Monday, September 22, 2014

Expanding Network in Chicago

Last Thursday I attended the UIC Urban Forum in Chicago. As I listened to speakers many of the ideas resonated with me and I began building a list of follow ups. I encourage you to visit the web site to see the list of speakers, read the white papers, etc.

One of the panel members was NBA Hall of Fame Star Isiah Thomas, who grew up in Chicago. His comments were challenging. He said "This is about compassion, love and engagement, not a data issue." "When we start disinvestment in communities we take sports and play out of a community." "We're dancing around an issue of poverty and segregation." If you search #urbanforum on Twitter you can read some of what I heard.

Then on Friday and Saturday I attended the Chicago School of Data event hosted by the Smart Chicago Collaboration ver two days people talked about collecting, organizing, mapping and visualizing data, with the important focus of "how do we use this data?".

I was one of a minority of the 300-plus participants of the Urban Forum who was posting Tweets to my timeline as the conference took place, using hashtag #urbanforum.

The organizers of the Chicago School of Data event hired bloggers, social media experts, film makers, etc who were active throughout both days collecting interviews and posting Tweets under the hashtag #chidata. Here's a RivetNews radio interview.

As I attended the Urban Forum I wrote in my notes "Where do people meet to follow-up on the various ideas shared by panel members?" The organizers of the Chicago School of Data event answered part of this by posting meeting notes in this Google Drive space.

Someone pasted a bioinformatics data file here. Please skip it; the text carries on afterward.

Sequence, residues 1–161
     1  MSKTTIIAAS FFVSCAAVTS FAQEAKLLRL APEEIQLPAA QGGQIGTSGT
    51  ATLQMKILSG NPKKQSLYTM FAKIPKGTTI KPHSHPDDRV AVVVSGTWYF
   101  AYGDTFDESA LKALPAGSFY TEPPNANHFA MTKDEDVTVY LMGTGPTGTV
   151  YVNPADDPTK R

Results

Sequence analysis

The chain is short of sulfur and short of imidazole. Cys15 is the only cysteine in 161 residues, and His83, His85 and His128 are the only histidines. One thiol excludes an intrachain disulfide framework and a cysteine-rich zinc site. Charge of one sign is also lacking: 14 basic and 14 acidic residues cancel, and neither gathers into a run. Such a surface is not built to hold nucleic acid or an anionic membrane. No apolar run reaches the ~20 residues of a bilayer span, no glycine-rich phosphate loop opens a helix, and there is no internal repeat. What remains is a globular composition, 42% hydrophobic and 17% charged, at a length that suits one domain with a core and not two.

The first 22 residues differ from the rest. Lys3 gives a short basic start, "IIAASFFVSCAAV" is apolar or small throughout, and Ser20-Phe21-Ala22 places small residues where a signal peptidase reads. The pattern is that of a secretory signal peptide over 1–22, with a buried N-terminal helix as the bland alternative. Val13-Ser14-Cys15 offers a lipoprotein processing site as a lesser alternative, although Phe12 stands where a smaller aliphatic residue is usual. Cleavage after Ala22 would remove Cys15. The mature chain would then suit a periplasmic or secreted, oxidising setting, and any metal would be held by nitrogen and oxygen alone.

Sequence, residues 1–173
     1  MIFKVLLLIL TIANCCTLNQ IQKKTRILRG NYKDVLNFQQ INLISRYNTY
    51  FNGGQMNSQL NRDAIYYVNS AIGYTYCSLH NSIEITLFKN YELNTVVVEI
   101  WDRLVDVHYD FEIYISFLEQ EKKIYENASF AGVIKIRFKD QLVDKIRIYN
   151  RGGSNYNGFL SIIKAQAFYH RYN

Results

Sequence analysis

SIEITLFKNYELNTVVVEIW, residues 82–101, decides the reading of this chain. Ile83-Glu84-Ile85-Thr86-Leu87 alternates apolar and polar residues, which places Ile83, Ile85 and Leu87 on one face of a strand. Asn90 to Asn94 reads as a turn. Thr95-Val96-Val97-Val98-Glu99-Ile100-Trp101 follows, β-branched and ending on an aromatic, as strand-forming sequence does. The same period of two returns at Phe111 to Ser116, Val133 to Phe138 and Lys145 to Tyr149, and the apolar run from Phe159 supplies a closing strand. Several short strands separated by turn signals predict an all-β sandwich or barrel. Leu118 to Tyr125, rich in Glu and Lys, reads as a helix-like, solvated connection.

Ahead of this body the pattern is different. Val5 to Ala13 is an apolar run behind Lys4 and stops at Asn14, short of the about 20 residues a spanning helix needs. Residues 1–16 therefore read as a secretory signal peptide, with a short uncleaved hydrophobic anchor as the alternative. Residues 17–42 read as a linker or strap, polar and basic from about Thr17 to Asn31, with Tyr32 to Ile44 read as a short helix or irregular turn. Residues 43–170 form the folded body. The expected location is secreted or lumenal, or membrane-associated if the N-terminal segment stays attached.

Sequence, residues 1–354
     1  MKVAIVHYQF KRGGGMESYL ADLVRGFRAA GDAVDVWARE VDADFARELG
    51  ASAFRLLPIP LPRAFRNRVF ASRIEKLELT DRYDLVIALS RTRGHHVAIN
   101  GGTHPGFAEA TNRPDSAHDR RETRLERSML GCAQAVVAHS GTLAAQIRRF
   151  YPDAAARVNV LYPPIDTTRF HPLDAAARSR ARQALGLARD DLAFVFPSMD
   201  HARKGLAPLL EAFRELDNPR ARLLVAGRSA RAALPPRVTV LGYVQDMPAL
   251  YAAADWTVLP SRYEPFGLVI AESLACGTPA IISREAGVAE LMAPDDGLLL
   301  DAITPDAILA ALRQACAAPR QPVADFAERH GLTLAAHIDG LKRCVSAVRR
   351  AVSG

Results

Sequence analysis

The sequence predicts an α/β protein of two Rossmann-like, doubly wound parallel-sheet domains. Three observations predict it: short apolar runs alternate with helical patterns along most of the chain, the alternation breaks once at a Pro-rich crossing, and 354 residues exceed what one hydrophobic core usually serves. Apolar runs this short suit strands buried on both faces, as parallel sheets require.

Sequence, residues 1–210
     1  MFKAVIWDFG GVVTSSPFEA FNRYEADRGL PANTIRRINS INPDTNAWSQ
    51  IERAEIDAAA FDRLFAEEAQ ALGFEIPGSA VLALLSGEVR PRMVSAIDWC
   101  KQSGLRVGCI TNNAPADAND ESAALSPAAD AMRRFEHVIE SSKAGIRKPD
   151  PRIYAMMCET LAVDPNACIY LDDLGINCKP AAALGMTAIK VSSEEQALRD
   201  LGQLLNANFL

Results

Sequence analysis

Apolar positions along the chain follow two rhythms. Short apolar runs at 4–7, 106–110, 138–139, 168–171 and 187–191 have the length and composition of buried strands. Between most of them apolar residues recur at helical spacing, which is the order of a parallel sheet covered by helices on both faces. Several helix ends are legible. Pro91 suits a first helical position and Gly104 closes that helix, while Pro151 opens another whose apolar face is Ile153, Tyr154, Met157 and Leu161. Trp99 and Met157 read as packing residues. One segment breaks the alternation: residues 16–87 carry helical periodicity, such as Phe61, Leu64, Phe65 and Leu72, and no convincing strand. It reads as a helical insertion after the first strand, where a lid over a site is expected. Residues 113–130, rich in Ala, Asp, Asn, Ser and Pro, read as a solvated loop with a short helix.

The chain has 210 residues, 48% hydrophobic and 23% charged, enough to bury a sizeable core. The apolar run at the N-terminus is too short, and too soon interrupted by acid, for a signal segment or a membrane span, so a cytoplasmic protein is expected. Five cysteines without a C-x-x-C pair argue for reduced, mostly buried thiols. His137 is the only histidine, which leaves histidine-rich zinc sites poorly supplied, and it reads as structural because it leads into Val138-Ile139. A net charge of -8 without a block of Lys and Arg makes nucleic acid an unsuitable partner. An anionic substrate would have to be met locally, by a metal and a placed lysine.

Both web sites include agendas with bios of speakers. The School of Data event included a roster of participants, with links to their organizations. This seems like a real effort to support connections among participants.

I hope in future events organizers will use maps to show participation, such as the maps I've created to show who has been attending Tutor/Mentor Leadership and Networking Conferences. In fact, I created a concept map to suggest how participants in events like these could be mapped to show what areas they focus on, not just who they are.

If we can get more of the people who attend these events into on-going conversation and brainstorming, and bring donors in to help fund our individual efforts so we have time to participate in collective efforts, we can unleash a tremendous amount of talent toward making Chicago's future bright for all of its residents.

I encourage you to bookmark this article. As the hosts of these events provide follow up information I'll post links on this article.

Recap posted 9/24 on Escaped Notice blog

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